In his career as a producer and talent agent, Jorge Insua (@JorgeInsua) has worked for the #1 talk show on English-language television (The Oprah Winfrey Show), the #1 talk show on Spanish-language television (The Cristina Show), and the #1 talent agency in the world (Creative Artists Agency, the Los Angeles shop known for representing the entertainment industry’s greatest innovators). Presently, Insua is president of marketing and development of Cristina Saralegui Enterprises (CSE) the global entertainment empire helmed by Cuban television icon Cristina Saralegui.
1. How did you get started in the industry? How can someone who is interested in your work get started?
I started out as an intern right out of college with “The Oprah Winfrey Show.” I moved from Cleveland, OH after graduating from John Carroll University to Chicago for my internship. (He interviewed the talk show host as part of a senior project — after pursuing her publicist relentlessly for seven months. Winfrey was so impressed with his perseverance, she offered him an internship.) For six months I got “paid in experience” and did EVERYTHING that was asked of me WITH A SMILE ON MY FACE. I got coffee, would have to go up to the 11th floor of the WLS building (the ABC affiliate in Chicago) to do Diet Coke runs for all of the producers, I answered phones, and got everyone’s lunches. As a result, I became the intern who never went home. At the end of my 6 month internship, I was hired by Oprah to work for Harpo Inc. and stayed for 7 years working my way up the production ladder.
I would totally suggest that anyone interested in a career in broadcasting start by getting an internship. Not only does it show you the intricacies of the business but it may also show you that what you think you wanted to do in the business, may actually not be for you.
2. What do you think is the future of your industry?
I think there will always be jobs in broadcasting–whether it be in television, cable or the web.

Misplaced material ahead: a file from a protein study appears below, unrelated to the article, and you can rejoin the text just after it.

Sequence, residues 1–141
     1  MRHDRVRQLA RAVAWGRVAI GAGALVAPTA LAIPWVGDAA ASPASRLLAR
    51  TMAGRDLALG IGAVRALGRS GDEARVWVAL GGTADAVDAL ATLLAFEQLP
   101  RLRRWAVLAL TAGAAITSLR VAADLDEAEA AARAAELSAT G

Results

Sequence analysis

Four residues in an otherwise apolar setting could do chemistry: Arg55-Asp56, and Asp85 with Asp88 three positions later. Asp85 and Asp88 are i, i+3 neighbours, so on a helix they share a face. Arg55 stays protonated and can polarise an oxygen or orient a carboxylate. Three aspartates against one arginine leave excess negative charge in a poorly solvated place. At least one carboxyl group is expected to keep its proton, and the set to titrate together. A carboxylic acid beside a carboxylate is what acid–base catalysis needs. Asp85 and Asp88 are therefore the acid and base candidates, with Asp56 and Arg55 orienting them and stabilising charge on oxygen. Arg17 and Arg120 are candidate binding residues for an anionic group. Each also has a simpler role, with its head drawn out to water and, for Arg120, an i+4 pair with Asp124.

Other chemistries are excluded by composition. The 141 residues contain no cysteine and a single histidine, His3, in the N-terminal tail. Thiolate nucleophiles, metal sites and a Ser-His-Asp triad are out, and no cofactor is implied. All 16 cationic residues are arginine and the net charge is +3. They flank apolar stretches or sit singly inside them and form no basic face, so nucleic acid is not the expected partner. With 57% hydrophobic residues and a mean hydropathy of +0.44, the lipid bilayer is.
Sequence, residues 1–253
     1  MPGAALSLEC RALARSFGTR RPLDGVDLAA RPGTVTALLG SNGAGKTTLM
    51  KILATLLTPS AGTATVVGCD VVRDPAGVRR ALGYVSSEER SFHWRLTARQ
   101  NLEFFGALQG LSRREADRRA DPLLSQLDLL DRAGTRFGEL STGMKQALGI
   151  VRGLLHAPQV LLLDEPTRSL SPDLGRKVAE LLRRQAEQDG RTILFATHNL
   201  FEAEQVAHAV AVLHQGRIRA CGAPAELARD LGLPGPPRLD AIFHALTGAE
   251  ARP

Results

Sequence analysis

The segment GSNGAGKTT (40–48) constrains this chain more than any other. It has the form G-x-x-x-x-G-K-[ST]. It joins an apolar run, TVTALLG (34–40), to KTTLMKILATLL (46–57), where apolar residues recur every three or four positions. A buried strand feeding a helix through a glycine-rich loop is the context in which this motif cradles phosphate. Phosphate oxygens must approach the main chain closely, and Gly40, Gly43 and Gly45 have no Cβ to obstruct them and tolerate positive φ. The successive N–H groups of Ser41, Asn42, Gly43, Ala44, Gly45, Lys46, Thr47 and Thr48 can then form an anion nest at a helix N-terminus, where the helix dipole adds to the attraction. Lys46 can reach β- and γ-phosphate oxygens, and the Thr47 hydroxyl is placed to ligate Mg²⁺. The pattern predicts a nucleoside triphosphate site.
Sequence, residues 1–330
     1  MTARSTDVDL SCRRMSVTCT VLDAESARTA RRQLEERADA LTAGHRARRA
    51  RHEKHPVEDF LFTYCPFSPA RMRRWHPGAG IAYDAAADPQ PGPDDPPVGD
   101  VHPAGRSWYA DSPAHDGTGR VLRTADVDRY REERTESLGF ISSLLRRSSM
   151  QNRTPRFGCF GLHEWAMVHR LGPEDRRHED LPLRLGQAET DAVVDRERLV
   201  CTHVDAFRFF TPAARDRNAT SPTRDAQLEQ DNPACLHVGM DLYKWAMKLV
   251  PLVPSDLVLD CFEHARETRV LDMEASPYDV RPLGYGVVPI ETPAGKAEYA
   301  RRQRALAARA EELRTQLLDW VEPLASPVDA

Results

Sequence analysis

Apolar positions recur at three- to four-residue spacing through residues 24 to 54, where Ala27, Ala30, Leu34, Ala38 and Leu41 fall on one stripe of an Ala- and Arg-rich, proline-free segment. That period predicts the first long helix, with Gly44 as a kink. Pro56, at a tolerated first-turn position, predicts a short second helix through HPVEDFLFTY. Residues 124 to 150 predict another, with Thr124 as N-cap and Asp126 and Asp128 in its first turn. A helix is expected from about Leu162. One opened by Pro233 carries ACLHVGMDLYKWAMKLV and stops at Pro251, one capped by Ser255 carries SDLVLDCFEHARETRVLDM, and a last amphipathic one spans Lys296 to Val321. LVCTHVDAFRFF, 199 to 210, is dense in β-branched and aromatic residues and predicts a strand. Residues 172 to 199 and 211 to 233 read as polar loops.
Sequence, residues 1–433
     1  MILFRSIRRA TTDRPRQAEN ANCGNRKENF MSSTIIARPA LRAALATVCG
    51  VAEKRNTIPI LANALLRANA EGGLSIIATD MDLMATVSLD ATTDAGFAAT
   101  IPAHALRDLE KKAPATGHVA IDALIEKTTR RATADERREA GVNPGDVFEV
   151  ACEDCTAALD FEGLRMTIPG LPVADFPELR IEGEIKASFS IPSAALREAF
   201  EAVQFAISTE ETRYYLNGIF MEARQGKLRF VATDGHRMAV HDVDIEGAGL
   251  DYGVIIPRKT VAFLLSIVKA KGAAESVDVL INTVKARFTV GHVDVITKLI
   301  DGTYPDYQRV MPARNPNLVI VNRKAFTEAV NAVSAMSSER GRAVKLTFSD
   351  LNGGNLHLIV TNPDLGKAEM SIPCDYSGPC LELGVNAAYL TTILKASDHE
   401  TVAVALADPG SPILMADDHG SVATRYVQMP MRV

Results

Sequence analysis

3. What do you look for when you hire an intern or entry-level candidate?
You want someone with a good attitude. Someone who knows they are there to learn and pay their dues. Someone who is a go-getter and someone who is eager to learn.
4. What is one thing an intern can do to make a favorable impression?
Do everything that is asked of you with a smile on your face. No one wants to be around someone who is constantly complaining. I always knew that my “job” as an intern was to make the jobs of those around me easier without drawing too much attention to myself. If anything, the kind of attention you want to attract is that you are a team player, that you will go the extra mile, that no job is beneath you. People are totally observing you and seeing what kind of person you are. You want to make yourself so indispensable that at the end of your internship, they will want to hire you.
5. Can you share a positive internship story, and a horror story? No names needed…
Well I think the positive is obvious. I was hired by Oprah, put on her payroll and spent the next seven years working my way up the production ladder from receptionist, to mail room, to production assistant, assistant audience coordinator, audience coordinator, associate producer and finally producer!
My worst intern horror story has got to be one afternoon going to get lunch for the producers at McDonalds in the dead of winter in Chicago. I had to walk 8 blocks in the snow to get everyone their lunch. And, of course, people couldn’t just order off the menu–people had special requests (Big Mac with no lettuce, cheese burger with extra cheese, filet o fish with extra sauce–you get the picture.) I got everyone’s food and walked the 8 blocks back in the snow. As I was giving everyone their orders, there was one producer who did not get her hot apple pie (they had forgotten to put it in the bag.) So, I asked the producer, “would you like me to go back and get your pie?” Thinking in a million years would she make me walk BACK in this weather…guess what she said? “That would be great! Thank you Jorge.”
And, so I had to go back out and get that damn apple pie. I never forgot that. And, because the world works the way that it does…fast forward 15 years and I am now a motion picture talent agent at Creative Artists Agency (CAA–the largest talent agency in the world) and who ends up sending me an email to see if I could help her son who was interested in a career in acting??? You guessed it…the apple pie producer. I’m proud to say I took the high road and did what I could for her son.
People love their apple pie Amazing journey Jorge, hope you keep that photo on your desk! Interns, leave your favorite internship stories in the comments below.